When animals gallop, they allocate biomechanical tasks unevenly among the limbs. In the rotatory gallop in the cheetah and greyhound at the speed of 18 m s−1, the hindlimbs support a greater proportion of body weight than the forelimbs, with the non-lead and lead limbs con- tributing unequally to this task (Hudson et al. 2012).

The biomechanical demands of curve running differ from those of straight running. Animals running on curves must produce centripetal forces to change velocity head- ing in the new direction (Daley 2016). Several insights into the mechanics of curve running have been derived from experiments on humans. The maximum running speed on curves of differing radii (1–37.72 m) is slower compared with straight running (Chang and Kram 2007;

Churchill et al. 2016; Taboga et al. 2016). In addition, the limb on the inside of the curve has a longer contact time and generates lower peak resultant ground reaction forces (GRFs) compared with the outside limb and the limbs during straight running (Chang and Kram 2007;

Churchill et al. 2016). The factor that limits maximum curve-running speed is still controversial (Usherwood and Wilson 2006; Chang and Kram 2007; Churchill et al.

2016). However, lower peak resultant forces exerted by the inside limb indicate that the additional requirement to produce centripetal forces is not the sole limiting factor.

Two studies have compared curve and straight running in the greyhound. Usherwood and Wilson (2005) reported that greyhounds did not slow down on curves compared with straight running. In contrast, Hayati et al. (2017) found that stride length was shorter during curve running with similar stride frequency between the two running conditions. As speed is the product of stride length and stride frequency, their results indicated slower speeds on curves. Further studies are needed to account for this

discrepancy.

In this study, we determined footfall patterns during straight and curve running in the cheetah and the grey- hound. We then determined the duty factor, or relative limb contact time, for each limb. The duty factor is an important variable in studies of legged locomotion. This variable serves as a measure of the relative time allotted for reaccelerating and redirecting the center of mass of the body (Biknevicius and Reilly 2006). It was also used to predict the peak vertical GRF during equine locomotion (Witte et al. 2004). Finally, we evaluated interlimb coordination using the framework proposed by Abourachid (2003), which is explained in the follow- ing section, to discuss how much capacity animals have to change interlimb coordination to meet the changing demands of running.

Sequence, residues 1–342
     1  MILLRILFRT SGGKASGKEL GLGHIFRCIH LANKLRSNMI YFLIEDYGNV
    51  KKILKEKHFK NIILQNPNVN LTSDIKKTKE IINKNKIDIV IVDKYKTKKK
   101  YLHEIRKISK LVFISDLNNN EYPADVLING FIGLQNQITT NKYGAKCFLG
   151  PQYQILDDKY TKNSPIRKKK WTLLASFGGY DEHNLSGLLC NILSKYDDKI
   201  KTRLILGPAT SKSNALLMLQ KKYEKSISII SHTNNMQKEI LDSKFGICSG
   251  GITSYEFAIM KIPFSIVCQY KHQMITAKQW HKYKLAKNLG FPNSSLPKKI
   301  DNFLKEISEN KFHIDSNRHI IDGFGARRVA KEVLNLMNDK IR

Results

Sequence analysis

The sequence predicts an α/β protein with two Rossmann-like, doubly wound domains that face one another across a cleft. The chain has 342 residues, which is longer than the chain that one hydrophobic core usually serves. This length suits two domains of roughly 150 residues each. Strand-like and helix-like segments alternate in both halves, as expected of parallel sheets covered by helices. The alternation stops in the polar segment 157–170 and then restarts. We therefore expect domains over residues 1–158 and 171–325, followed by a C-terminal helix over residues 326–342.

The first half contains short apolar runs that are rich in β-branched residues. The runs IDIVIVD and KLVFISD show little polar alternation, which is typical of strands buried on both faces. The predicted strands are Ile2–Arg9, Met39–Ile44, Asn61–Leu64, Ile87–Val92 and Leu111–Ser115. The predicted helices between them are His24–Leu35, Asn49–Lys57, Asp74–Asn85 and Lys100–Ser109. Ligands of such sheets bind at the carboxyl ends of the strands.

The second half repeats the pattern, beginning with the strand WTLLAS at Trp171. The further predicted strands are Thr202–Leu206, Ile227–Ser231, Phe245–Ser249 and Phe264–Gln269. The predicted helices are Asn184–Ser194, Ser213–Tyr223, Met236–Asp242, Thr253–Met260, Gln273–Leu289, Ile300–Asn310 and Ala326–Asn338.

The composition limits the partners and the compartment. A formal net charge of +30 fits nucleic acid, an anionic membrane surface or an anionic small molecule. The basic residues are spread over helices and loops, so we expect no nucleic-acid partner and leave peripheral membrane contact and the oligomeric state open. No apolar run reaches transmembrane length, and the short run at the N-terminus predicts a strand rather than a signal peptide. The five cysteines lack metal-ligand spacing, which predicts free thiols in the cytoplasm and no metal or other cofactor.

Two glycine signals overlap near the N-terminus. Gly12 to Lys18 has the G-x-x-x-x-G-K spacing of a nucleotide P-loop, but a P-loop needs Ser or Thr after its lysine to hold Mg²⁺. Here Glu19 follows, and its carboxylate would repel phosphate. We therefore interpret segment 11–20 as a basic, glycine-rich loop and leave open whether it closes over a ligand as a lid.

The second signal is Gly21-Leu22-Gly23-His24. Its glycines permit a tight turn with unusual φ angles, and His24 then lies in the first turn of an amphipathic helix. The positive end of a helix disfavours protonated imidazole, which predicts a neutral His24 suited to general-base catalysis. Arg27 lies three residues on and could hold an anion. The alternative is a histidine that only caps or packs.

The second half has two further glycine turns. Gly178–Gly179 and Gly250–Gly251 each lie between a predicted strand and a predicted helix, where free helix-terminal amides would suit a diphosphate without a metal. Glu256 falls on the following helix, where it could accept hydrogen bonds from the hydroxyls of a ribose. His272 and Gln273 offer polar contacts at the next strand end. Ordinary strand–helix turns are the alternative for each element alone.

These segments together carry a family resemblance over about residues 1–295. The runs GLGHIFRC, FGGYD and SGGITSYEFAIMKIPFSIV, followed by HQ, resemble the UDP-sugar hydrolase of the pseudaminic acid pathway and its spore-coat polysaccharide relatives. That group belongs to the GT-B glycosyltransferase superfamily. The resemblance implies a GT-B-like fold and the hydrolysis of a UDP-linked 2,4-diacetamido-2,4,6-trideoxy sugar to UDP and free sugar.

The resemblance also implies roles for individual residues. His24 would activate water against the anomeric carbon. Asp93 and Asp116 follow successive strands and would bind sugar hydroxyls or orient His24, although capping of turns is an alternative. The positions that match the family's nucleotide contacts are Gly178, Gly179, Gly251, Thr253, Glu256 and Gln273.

Materials and methods

Four adult male cheetahs and four adult male grey- hounds were the subjects in this study. These animals were housed at a zoo (Shanghai Wild Animal Park, China). The cheetahs were raised from infancy at the zoo.

All experimental protocols were approved by the Institu- tional Animal Care and Use Committee at Yamaguchi University.

Experiments were conducted at the zoo. The cheetahs and greyhounds were encouraged to run around a 400-m track using a lure that travels ahead of them on the inside rail (Fig. 1A and B). The track was oval-shaped and com- posed of two 80-m straights that never cross connected by two bends with a radius of 38 m. The animals started from one corner between the bend and the straight, and ran the straight first and then the bend. The animals ran the track in a counterclockwise direction. The speed of the lure was controllable and set to 15–18 m s−1. According to the study by Hudson et al. (2012), the cheetah and greyhound use a gallop at these high speeds. Video recordings were made using eight high-speed cameras: two MEMRECAM HX-7 cameras (nac Image Technology, Tokyo, Japan) and six EX-F1 cameras (CASIO, Tokyo, Japan). The cameras filmed the animals from a lateral or diagonal view with a frame-rate of 1000 or 1200 frames s−1.

We analyzed gait characteristics in 47 straight-running strides and 37 curve-running strides of the cheetahs, and in 19 straight-running strides and 22 curve-running strides of the greyhounds. The stride period was defined as the time elapsed between two consecutive touchdowns of the non-lead forelimb. The time of touchdown and liftoff of

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each limb during a stride were determined. The duty fac- tor was calculated as the stance period relative to the stride period. In addition, the fore lag and hind lag were measured (Fig. 1C). These temporal parameters were proposed by Abourachid to quantify interlimb coordina- tion and identify quadrupedal gaits (Abourachid 2003;

Abourachid et al. 2007). The fore lag was defined as the

time between the touchdowns of the non-lead and lead forelimbs, and the hind lag was defined as the time be tween the touchdowns of the non-lead and lead hindlimbs.